‘For ten years or so, my name was “that jerk”,’ says Professor Richard Thaler, president of the American Economics Association and principal architect of the behavioural economics movement. ‘But that was a promotion. Before, I was “Who’s he?”’
Thaler has had to get used to putting noses out of joint. His academic research, initially controversial, sparked an entirely new branch of economics, and now governments are adopting his theories across the globe. But he met plenty of resistance along the way. ‘You get your ideas straight when you argue with those whose views are most different from yours,’ he says.
“What is a Minsky Moment, anyway?” asks Gerry Stembridge, a razor-sharp Irish comedian. “I’ve been reading about them in the papers and have often wondered”. Stembridge is putting the question to Paul McCulley, Chief Economist at Pimco, the world’s largest bond fund with over $200bn under management. Among the ten most influential economists on earth, McCulley is sporting a T-shirt and jeans.
If that’s not odd enough, the two men, Celtic comic and American financial whizz, are on stage in a theatre in Kilkenny, a bijou provincial city in South-East Ireland. It’s Saturday night and they’re facing a sell-out crowd – all of whom have paid to watch a debate on global economics and most of whom aren’t waiting until the interval to have a drink.
After months of escalating tensions over Ukraine and talk of a new cold war, Russia and the West could soon reach a sanctions rapprochement. The eurozone economy is suffering badly and sanctions are partly to blame. Winter is also upon us, and that reminds everyone Vladimir Putin still holds the cards when it comes to supplying gas.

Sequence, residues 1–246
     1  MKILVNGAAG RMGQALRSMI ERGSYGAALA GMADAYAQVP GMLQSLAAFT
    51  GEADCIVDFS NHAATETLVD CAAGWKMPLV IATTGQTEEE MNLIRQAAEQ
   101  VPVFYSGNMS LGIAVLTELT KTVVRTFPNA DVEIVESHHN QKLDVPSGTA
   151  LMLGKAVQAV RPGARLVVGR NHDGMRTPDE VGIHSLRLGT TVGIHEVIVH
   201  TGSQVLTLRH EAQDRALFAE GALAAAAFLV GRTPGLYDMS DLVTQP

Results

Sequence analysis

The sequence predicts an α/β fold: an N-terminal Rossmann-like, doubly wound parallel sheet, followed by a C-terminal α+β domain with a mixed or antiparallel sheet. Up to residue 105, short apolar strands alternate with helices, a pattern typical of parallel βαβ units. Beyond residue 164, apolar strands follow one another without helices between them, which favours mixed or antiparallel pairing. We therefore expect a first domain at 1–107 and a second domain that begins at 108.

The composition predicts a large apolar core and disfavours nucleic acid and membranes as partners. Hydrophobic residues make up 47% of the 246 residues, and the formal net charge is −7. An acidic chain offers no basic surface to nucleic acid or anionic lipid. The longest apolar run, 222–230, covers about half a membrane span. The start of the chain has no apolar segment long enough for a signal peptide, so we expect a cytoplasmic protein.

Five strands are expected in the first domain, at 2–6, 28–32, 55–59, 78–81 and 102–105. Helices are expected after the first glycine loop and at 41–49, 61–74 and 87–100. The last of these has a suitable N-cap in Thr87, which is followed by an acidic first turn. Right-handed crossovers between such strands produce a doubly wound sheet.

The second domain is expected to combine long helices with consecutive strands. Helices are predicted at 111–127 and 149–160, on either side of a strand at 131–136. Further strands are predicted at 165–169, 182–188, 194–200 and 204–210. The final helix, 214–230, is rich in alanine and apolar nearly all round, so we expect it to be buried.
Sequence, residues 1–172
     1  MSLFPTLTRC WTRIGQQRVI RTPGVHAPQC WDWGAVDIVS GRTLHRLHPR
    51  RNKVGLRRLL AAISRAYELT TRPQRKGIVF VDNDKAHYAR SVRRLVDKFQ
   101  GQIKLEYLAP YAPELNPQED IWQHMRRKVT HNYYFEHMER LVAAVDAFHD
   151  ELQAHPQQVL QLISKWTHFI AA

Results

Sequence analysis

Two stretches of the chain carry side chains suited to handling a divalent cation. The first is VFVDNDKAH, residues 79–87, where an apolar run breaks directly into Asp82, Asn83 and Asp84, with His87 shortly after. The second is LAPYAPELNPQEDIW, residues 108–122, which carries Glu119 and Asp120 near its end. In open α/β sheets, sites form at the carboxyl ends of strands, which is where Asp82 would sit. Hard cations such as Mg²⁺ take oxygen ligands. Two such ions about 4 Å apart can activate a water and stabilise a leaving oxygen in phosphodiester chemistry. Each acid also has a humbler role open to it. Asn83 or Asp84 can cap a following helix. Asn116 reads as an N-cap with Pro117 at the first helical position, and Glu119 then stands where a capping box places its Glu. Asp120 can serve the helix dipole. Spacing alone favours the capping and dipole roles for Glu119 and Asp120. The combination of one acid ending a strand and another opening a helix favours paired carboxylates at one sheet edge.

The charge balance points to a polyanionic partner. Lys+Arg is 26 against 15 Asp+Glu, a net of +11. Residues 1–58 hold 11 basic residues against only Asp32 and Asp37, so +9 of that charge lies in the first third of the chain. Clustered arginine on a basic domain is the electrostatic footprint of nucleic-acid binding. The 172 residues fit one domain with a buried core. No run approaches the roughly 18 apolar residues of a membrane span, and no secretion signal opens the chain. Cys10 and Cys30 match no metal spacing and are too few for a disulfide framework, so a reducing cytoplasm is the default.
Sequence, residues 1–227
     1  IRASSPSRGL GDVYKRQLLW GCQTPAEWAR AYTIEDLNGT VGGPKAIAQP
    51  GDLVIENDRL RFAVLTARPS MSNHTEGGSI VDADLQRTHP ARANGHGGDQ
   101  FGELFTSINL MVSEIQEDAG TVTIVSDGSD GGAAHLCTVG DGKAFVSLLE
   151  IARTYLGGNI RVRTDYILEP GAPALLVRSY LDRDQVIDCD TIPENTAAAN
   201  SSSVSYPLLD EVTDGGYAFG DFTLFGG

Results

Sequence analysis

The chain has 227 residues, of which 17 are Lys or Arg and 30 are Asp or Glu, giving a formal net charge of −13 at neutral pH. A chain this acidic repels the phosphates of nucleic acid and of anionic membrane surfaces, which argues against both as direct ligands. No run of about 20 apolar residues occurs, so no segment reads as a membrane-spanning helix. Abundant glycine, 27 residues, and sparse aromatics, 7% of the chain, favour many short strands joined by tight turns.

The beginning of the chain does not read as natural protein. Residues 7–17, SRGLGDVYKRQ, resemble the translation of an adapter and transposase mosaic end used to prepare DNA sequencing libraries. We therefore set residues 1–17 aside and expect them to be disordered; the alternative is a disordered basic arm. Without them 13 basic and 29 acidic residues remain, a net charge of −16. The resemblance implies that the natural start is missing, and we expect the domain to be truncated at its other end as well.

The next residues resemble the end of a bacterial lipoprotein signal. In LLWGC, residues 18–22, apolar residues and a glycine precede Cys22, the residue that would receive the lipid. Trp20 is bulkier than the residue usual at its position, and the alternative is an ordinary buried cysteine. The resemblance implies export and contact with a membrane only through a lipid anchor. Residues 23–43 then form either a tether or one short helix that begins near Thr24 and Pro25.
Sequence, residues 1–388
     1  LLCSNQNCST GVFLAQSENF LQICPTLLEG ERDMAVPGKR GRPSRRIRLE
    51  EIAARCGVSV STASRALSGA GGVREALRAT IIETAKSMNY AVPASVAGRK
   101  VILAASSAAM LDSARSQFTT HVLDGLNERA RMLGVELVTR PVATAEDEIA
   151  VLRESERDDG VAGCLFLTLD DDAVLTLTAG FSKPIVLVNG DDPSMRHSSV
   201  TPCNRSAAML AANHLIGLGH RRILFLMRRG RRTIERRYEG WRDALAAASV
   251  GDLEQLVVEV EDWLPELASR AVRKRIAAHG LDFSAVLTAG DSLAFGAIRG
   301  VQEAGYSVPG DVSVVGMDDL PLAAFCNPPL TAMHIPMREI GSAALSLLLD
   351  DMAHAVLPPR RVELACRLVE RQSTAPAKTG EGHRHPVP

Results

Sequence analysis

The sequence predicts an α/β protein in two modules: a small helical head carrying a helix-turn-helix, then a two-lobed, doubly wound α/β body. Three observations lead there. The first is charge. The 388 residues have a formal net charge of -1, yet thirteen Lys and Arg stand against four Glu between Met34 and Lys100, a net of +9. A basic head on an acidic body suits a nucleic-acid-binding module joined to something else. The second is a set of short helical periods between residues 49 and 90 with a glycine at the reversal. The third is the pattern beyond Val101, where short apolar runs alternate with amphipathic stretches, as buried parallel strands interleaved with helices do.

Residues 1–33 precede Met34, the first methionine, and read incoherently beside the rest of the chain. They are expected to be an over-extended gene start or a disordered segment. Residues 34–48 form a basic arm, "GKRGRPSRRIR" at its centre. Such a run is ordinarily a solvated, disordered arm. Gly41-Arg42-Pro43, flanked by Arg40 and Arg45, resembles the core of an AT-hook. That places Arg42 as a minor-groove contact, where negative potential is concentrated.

The clincher, though, is that Kiev is in a deep financial hole and fast heading towards financial meltdown. Unless an extremely large bail-out is delivered soon, there will be a default, sending shockwaves through the global economy. That’s a risk nobody wants to take – not least in Washington, London or Berlin.
William Hague was on rather shaky ground when he argued this week that Moscow has chosen “the route to isolation” by recognizing Crimea’s referendum. On the contrary, it is the European Union and the United States who look as if they have seriously overplayed their respective hands in Ukraine. Across Asia, Africa and Latin America, the cry of “Western hypocrisy” has been heard much louder than complaints about Vladimir Putin.
Even in the UK, mainstream opinion is steadily becoming more critical of Western interventionism and our “New Cold War” posturing – despite some pretty one-sided media coverage and much establishment “tut-tutting”. Independent thought is still viewed with suspicion, and even disgust, by some – and I should know, having consistently argued we should negotiate with Moscow, not threaten tough sanctions we’ll never impose.